I liked this children's book better than the Alex Award winning title. Great true story about how an African boy filled a need in his village--building windmills for electricity and, eventually, water. His engineering and tinkering is inspiring to kids who like to discover how things work.
William is just a boy in his village of Malawi. There is no money for lights and farmers were very poor. William’s family was forced to eat only one meal a day because the village was starving. Forced to drop out of school, William researched ways he can “harness” the wind to feed his village.
The Boy who Harnessed the Wind is a true story that students can learn about taking action against poverty. Instead of sulking when he could no longer attend school, he decided to use his research skills to
Melissa Mcavoy
William loves to explore how things work, so when a severe drought and famine devastate his rural Malawian village, William goes to the library looking for solutions. With warm collage illustrations, this remarkable true story of curiosity and determination comes alive as readers watch William forage in the junkyard for materials and then build a machine that makes “electric wind.” A two page author's note provides the back story of how William goes on to build not only and electricity producing ...more
Just read this on We Give great site to introduce to students in an effort to get books into the hands of children and organizations all over the world. Visit the site, sign up, support different causes, visit often to read books and give donations!!

Great book. One boy CAN make a difference. Plug for the public library. 14 year old at a time of drought and famine in Malawi (Africa) and his thirst for knowledge, reads about windmills and creates one that powers electricity for his ho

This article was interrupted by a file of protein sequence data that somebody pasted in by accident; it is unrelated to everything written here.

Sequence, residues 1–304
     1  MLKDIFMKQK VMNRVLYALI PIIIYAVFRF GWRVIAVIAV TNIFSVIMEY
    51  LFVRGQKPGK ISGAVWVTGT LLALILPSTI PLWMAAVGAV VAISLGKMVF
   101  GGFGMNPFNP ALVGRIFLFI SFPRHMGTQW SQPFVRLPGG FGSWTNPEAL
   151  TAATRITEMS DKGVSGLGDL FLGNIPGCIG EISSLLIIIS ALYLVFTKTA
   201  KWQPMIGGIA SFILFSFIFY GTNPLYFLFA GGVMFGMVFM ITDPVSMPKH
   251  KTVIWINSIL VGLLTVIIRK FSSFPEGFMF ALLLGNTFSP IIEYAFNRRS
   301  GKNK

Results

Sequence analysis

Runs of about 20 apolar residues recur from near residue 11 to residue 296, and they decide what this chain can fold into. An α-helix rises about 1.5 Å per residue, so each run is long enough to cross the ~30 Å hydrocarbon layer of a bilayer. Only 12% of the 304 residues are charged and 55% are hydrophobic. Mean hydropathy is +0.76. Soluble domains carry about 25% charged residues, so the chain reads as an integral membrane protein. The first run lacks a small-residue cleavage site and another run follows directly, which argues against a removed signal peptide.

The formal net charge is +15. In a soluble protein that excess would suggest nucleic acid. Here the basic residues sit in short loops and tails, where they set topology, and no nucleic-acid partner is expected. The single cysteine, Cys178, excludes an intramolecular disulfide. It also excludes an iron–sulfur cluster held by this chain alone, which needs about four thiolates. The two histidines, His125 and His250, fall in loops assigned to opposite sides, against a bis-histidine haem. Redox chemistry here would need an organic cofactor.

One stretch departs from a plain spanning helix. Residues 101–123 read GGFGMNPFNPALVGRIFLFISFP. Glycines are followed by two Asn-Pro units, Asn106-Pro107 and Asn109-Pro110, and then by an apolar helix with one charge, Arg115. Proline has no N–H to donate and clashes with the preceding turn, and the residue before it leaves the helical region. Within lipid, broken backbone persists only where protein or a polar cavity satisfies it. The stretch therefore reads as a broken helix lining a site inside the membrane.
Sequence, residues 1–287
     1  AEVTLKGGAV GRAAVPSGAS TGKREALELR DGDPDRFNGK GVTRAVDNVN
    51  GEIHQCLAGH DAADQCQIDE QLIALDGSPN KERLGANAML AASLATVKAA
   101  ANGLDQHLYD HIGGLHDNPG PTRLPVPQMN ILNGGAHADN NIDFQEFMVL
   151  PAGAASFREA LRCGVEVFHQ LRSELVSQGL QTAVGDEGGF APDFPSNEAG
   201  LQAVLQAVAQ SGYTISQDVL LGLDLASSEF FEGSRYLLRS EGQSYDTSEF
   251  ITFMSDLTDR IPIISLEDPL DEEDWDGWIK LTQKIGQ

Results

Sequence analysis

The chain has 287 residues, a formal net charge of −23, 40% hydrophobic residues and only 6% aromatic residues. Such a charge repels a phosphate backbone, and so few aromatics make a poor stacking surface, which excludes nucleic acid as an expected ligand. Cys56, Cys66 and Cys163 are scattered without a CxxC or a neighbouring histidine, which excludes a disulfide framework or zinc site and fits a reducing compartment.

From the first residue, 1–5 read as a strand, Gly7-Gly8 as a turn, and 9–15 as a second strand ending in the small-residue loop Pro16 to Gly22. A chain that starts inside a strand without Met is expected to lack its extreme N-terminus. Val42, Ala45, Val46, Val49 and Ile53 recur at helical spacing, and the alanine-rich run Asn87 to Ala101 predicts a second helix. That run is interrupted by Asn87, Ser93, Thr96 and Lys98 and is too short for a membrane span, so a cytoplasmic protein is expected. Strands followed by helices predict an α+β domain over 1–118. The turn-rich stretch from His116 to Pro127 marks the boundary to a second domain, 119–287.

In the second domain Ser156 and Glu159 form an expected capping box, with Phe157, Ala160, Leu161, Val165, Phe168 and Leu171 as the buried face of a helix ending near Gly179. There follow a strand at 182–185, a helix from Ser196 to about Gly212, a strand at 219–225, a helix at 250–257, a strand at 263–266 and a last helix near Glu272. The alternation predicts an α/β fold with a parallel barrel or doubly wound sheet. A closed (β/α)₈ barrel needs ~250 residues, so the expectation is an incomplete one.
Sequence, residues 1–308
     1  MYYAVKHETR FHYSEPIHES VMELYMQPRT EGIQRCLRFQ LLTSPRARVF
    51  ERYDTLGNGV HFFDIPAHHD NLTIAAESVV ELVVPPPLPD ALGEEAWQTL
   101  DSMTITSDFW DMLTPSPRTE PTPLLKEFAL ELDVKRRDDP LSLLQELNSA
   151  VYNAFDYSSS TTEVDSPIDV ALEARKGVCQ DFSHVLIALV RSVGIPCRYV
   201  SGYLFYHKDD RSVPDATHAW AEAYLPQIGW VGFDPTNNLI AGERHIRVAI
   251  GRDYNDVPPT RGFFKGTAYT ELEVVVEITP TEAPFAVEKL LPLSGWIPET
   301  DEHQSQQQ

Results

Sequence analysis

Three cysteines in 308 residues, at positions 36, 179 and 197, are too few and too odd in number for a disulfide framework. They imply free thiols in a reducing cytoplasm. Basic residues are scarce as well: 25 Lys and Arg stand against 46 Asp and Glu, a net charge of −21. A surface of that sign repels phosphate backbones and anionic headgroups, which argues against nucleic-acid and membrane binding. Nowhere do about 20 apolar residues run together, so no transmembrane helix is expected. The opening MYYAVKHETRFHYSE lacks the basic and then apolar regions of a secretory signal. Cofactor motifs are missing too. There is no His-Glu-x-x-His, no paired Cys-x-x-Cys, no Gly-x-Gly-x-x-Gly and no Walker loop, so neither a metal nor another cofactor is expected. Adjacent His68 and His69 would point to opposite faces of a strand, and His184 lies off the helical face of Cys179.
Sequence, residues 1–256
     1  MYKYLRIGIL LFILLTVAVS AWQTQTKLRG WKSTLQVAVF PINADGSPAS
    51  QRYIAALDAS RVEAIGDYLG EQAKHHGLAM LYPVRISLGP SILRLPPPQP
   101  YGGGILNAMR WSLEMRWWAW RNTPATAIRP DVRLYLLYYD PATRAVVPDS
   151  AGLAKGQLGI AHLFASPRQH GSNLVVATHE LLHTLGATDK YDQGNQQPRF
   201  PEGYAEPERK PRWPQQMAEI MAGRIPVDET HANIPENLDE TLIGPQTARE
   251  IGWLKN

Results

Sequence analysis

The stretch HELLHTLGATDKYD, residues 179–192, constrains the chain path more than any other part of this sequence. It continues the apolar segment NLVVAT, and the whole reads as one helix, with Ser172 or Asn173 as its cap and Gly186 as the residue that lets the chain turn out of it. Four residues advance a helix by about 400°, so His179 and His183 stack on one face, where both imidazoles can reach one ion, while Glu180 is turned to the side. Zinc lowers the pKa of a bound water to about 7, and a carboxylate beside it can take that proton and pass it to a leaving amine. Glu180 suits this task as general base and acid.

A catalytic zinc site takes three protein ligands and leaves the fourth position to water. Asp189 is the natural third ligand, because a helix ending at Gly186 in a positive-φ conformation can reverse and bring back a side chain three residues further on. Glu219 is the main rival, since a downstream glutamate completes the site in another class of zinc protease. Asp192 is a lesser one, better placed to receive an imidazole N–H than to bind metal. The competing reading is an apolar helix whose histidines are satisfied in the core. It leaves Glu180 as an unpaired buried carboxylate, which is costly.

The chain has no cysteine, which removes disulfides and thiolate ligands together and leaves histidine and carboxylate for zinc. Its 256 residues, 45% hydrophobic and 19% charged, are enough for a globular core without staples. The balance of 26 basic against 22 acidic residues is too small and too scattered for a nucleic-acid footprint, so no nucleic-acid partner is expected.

I wish I had read this original story, the longer one, but the collage illustrations by Elizabeth Zunon add to the tale, too, of a starving boy in Malawi who used the resources available to change his world, now changing more than that! If you haven’t read about William Kamkwamba and his search for answers in a small library while his family and community starved for lack of water and failing crops, you should. It is a story of grit and determination to solve the problem, and with meager resour ...more
An autobiographical story about wind energy's benefits to a small community in Malawi. Good for those looking for inclusive collections.
Judy Desetti
Feb 07, 2013 Judy Desetti rated it 5 of 5 stars
Recommends it for: teachers grades 2-5
Recommended to Judy by: bmj consideration list
AR Reading level 5.3

Wonderful read aloud for students in grades 2-5.

A boy who lives in Africa loves to tinker and wonder what makes things work. As his family and country go into a famine he is denied education and goes to a library to learn. There he discovers a windmill photo and sets out to build one.

The story is true and wonderful for students to hear and learn how people can be resourceful. This has such a happy ending with the boy being discovered by journalists and eventually being give
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William Kamkwamba was born August 5, 1987 in Malawi, and grew up on his family farm in Wimbe, two and half hours northeast of Malawi’s capital city. William was educated at Wimbe Primary School, completing 8th grade and was then accepted to secondary school. Due to severe famine in 2001-2002, his family lacked funds to pay $80 in school fees and William was forced to drop out in his freshman year. ...more
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The Boy Who Harnessed the Wind Boy Who Harnessed the Wind, The: Young Readers Edition Boy Who Harnessed the Wind, The: Young Readers Edition Boy Who Harnessed the Wind, The: Young Readers Edition The Boy Who Harnessed the Wind: Young Readers Edition